Affleck knows soap operas, having starred in his own long-running drama. After winning an Oscar for best screenplay at 25 for writing Good Will Hunting with childhood pal Matt Damon, Affleck stepped out with Gwyneth Paltrow before connecting with Jennifer Lopez. Long before Brangelina there was Bennifer, a saga of late nights, opulent gifts, an engagement, one dud of a movie and, ultimately, a split. Meanwhile, his movie choices seemed more calculated to deliver paychecks (Armageddon, Pearl Harbor) than critical praise.

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“I was ashamed of myself,” says Affleck, who had a penchant for designer clothes and fancy cars. “I enjoyed a lot of the upside of that fame stuff, but I realized it was really trivial in the end.”

Looking at old photos of himself hitting the town make him wince. “I find it, well, tough to like that guy. But the truth is, while I may have looked smug in the photos, inside I was insecure and self-conscious. Have I changed a bit? Yes. I was naive and stubborn back then.”

Home is where his heart is

All that might as well have happened during the Ice Age as far as Affleck is concerned. Today, he is most content at home with the kids and behind the lens.

The big thaw came courtesy of his marriage to Garner in 2005, when she was pregnant with their first child. Since then, he has nabbed great acting reviews (as George Reeves in Hollywoodland) and kudos as a director (Gone Baby Gone). Now, instead of turning up in tabloids necking in a trendy club, he's more likely to get snapped pushing a stroller in a park.

“Being a parent is important, profound and wonderful,” he says. “I never had any relationships before that were about family. This is a much heavier thing.”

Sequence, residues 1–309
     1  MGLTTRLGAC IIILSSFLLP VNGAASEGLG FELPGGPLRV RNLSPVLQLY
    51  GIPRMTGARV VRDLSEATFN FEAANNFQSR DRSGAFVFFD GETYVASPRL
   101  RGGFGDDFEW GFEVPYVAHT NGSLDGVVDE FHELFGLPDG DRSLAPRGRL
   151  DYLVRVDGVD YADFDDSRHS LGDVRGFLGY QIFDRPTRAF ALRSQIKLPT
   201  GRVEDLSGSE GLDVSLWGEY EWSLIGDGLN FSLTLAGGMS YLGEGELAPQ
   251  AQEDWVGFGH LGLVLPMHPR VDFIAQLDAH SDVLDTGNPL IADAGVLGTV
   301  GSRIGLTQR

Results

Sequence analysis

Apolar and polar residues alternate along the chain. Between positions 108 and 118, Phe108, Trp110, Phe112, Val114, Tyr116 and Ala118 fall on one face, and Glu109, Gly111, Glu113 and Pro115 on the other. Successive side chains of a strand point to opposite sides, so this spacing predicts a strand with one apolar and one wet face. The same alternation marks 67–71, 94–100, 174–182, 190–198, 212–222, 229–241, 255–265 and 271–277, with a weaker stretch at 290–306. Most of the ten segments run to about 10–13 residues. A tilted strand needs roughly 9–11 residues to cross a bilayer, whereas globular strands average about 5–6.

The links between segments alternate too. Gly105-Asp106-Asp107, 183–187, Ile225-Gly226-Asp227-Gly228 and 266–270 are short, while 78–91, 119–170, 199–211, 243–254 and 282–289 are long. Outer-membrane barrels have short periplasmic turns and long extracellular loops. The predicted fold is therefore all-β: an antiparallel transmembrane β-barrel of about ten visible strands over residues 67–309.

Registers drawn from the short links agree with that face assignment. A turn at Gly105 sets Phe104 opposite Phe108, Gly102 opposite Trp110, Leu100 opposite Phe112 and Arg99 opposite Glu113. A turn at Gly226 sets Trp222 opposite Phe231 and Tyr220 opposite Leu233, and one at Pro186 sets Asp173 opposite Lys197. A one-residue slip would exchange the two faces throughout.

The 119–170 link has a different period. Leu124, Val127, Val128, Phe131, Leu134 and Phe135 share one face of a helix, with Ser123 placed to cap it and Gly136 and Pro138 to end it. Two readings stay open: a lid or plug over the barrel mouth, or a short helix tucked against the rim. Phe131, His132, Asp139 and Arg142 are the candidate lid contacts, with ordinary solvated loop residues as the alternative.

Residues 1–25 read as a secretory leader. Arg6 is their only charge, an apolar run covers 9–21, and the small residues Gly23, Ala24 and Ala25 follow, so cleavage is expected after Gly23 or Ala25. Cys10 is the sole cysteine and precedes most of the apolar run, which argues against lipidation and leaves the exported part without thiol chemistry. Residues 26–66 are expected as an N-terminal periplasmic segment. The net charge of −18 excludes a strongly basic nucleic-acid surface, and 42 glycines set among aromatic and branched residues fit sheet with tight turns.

Affleck's parents divorced when he was 12. His social worker mother, Chris, raised Ben and his younger brother, actor Casey. Asked to define the meaning of family, Affleck fixes his questioner with a heavy gaze. It's the serious look of a man who has figured out what really matters to him.

“Being part of a family is the reason we're here; it's the highest calling,” he says. “It's hard. It means the balance of work and life changes.” Luring him home is a woman he clearly admires. “Jennifer is a spectacular mother and person. I really lucked out.”

He allows himself a small smile when considering the stark contrast between his twentysomething celeb self and the thirtysomething adult he's busy sculpting. He pauses.

“I feel like I'm coming into the best part of myself,” he says, running a hand across his stubbled cleft chin. Affleck may look scruffy and have a chipped front tooth, but those leading-man looks lurk nearby.

If Affleck looks tired as he polishes off his eggs, blame it on his 90-hour workweeks in the confines of an editing room. Fun comes on the fringes. Even his once-famous poker exploits — he was California state champion in 2004 — are now limited to occasional gatherings with his friends and an annual trip to Las Vegas to raise money for charity.

“My interests? My interests?” he says, with eyes popping open in mock shock. “Sleep!”

The waitress brings the check. Affleck rises, then offers a thought.

“I feel free. It took a long time for my life to change in a way that I could feel good about it.”

Moments later, Affleck is out on the sidewalk waiting for a break in the boulevard's unyielding traffic. And he's smiling.

Cover and cover story photographs by Larsen & Talbert for USA WEEKEND. Grooming: Jamie Taylor, The Wall Group; styling: Wendi & Nicole, The Wall Group. Wardrobe on cover: Suit and shirt by Tom Ford, available at Neiman Marcus; tie: Giorgio Armani. Wardrobe this page: Shirt by Mason's, available at Neiman Marcus; jeans by J Brand.